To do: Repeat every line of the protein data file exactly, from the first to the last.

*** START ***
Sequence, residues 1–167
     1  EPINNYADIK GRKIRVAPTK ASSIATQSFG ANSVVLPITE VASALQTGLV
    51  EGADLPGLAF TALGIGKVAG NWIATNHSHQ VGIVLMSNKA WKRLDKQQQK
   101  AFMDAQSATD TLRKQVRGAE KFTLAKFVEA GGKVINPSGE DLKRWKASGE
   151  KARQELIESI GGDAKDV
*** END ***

Sequence, residues 1–167
     1  EPINNYADIK GRKIRVAPTK ASSIATQSFG ANSVVLPITE VASALQTGLV
    51  EGADLPGLAF TALGIGKVAG NWIATNHSHQ VGIVLMSNKA WKRLDKQQQK
   101  AFMDAQSATD TLRKQVRGAE KFTLAKFVEA GGKVINPSGE DLKRWKASGE
   151  KARQELIESI GGDAKDV